to other people. And one of the really big important parts of going and meeting up with
these people and talking to these people is not to show up there with any kind of agenda. It’s truly a, “Hey. I think the work you’re
doing is really cool. How the heck did you get here? Do you like it? How do you do it?
Like, “Is there anything you want to be doing?” Like, “Awesome, cool. Here’s what I do. Let
me know if I can help you anytime in the future or if you’re ever in Austin or if you’re ever
in San Francisco or wherever you are. Let’s hang out.” And next thing you know, half those people
that you end up meeting are at a conference that you’re at, or I don’t know, doing podcasts
that you’re able to get on or hosting conferences and they’re inviting you to come and speak.
It is truly the way things work. People like working with their friends and they like working
with people who they view as hustlers. In a good way. (laughs) Somebody who hustles. And one of the best ways to appear to be that
kind of person –beyond following through on your word– is to make sure that you’re
showing up. That you are actually giving people a little bit of your time which ultimately
is the most precious resource that you can give anyone. Absolutely. And I think that going back to
that old adage of “Working hard and doing good work is going to get you ahead in life.”
That used to be true, I think. But now it’s, “People are working hard and doing amazing
work and networking harder than you. And that’s why they’re getting ahead faster.” It’s insane. Just even on my side as an agency owner, the
brands that we work with are brands people would probably be dream clients of other people.
Those people hardly end up on our website to the content we’re putting out. It’s usually
an introduction. It’s usually from meeting somebody. It’s usually from our network. Right. Right. Right. You have to do both good
work consistently and you need to be out there meeting people. And I’m telling you guys,
it really can be as easy as making sure every single week… And maybe in the same way,
maybe you have… Every week we publish a blog post. Cool. Also, every week, you or everyone on your
team needs to be reaching out to somebody –that you don’t think will say yes– to grabbing
coffee with you. And even if you’re in the middle of nowhere, make it like a Skype coffee
date or a Google Hangouts coffee date, whatever it is, and hop on the phone with people and
make sure that that is happening every single week. It’s going to suck at first if you’re not
used to doing it, but truly over time, you get so much better at it. It really helps
you to talk to people. It also helps you hone in your introductory skills and truly getting
to know what other people do, why they do it the way that they do it. I don’t know.
It opens up a lot of doors. It’s truly been one of the biggest career bumps and boosters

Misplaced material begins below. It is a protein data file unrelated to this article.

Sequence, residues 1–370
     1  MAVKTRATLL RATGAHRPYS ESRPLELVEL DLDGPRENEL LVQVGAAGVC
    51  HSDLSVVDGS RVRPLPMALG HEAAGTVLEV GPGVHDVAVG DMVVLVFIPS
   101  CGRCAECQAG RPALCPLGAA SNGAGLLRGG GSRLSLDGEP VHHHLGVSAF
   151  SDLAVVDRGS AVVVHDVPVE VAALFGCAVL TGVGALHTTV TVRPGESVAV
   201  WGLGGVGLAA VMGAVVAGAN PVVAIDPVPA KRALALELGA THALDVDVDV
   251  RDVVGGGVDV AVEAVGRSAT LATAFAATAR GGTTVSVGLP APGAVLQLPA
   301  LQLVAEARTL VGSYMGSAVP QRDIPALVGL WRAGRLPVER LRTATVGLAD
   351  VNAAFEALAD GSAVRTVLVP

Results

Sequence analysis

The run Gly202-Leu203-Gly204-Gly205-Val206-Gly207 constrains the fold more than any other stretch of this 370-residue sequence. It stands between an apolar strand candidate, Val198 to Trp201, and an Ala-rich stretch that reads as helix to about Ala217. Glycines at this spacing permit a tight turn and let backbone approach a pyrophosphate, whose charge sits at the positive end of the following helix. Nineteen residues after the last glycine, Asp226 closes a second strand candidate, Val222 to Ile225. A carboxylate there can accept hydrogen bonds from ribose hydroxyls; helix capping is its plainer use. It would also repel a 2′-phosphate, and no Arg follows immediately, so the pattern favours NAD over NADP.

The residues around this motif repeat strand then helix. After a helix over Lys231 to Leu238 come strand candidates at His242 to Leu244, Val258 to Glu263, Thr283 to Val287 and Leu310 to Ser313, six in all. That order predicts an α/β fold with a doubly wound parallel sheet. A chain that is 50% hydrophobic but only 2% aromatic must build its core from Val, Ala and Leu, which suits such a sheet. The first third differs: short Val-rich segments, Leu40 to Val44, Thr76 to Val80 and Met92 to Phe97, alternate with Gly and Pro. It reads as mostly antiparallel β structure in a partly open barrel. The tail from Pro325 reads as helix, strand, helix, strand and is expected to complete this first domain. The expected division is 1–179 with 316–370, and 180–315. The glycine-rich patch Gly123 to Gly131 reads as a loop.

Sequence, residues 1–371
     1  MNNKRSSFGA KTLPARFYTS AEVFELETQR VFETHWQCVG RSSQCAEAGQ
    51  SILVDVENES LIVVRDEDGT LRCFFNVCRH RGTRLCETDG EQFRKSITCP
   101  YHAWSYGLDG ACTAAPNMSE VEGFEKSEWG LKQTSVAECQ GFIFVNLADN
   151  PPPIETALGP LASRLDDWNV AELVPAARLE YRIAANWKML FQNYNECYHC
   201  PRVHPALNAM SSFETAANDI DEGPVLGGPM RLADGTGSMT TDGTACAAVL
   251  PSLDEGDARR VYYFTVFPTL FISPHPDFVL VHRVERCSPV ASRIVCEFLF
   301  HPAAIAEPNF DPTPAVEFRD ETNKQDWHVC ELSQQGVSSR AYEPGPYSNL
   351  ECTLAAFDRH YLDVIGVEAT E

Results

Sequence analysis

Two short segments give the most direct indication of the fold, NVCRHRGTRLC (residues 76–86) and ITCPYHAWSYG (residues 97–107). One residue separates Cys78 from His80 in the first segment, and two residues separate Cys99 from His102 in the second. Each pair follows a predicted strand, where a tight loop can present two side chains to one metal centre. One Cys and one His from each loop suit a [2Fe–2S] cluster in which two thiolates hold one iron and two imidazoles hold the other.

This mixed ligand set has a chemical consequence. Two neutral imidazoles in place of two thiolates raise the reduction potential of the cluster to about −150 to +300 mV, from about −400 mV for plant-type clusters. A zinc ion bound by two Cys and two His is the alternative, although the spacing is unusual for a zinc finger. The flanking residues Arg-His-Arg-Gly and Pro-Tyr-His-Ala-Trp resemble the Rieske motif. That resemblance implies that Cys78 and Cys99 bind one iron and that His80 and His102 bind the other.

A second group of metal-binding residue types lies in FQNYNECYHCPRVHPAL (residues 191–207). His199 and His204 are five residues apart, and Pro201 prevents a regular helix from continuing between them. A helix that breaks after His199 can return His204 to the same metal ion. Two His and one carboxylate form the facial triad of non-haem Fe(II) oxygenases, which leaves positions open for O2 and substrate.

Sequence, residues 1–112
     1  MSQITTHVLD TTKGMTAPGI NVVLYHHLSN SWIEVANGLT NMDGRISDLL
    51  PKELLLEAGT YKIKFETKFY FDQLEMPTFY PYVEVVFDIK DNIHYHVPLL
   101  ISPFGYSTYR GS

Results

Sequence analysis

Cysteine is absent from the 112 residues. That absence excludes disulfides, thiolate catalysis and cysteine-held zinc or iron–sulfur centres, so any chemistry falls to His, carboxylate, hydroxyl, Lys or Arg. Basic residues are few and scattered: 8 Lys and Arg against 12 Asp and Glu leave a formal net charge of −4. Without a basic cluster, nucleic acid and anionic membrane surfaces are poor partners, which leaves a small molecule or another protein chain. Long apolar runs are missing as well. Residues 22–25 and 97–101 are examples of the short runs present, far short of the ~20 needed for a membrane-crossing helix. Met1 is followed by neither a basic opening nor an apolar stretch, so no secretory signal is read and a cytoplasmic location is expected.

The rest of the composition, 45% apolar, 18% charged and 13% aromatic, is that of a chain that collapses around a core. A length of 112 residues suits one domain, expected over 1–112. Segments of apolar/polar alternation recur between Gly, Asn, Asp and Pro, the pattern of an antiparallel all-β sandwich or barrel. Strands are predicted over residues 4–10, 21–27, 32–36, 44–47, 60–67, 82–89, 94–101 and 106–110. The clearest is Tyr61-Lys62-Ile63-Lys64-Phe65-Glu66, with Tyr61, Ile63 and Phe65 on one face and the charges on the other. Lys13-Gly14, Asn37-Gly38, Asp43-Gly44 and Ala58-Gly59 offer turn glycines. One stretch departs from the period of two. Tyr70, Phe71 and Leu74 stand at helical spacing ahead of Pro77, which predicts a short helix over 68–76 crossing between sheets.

for me for sure. Awesome. And then me and Annette are huge
proponents of going to meetups. We host the one in Columbus, The Shopify Meetup. We also
help out with the Columbus eCommerce meetup. You can meet amazing people there. We just
had on last week, our buddy Shibo from Refersion. He met his business partner at a meetup. So… Yeah. It’s amazing. Just putting yourself out there
and just talking to people will do for you. Yeah, it’s awesome. Being just a little bit
vulnerable pays dividends. I’ll also say, some of the best connections that I’ve made
have been not necessarily talking about eCommerce but talking about religion and politics and
taxes and death. All the things you’re told not to talk about. But those are the ways that you build real
friends. That’s the actual goal. You actually want to be friends with these people. How
can you make that happen? How can you introduce yourself in a way that’s relevant? Talk to
them in a way that’s relevant and build real contacts. Again, not everyone’s going to become
your closest friends. Some of them will just remain contacts, but a lot of them will actually
become friends. It’s cool! Absolutely. Well, we can’t thank you enough
for joining us today. There’s so much awesome stuff out of this one. Is there anything else
that you want to leave with our audience? Um, anything else that I want to leave with
the audience? Where can they find you and your product and
your writing? Well, Doris Sleep is the website. So dorissleep.com
and then @DorisSleep is the Twitter handle as well as the Instagram handle. And then
for myself, you can find me @TraceWall on Twitter as well as on Instagram. And that’s
about it. And we’ll link to all that also for our listeners
so they can follow along. Awesome. Well, thank you so much and get out there
and network everybody. Thank y’all so much. It was so great being
here. We can’t thank our guests enough for coming
on the show and sharing the truth. links and more will be available in the show notes.
If you found any actionable advice in this podcast that you’d like to apply to your business,
please reach out at electriceye.io/connect. Please make sure to subscribe to Apple Podcasts,
Spotify or your podcast app of choice.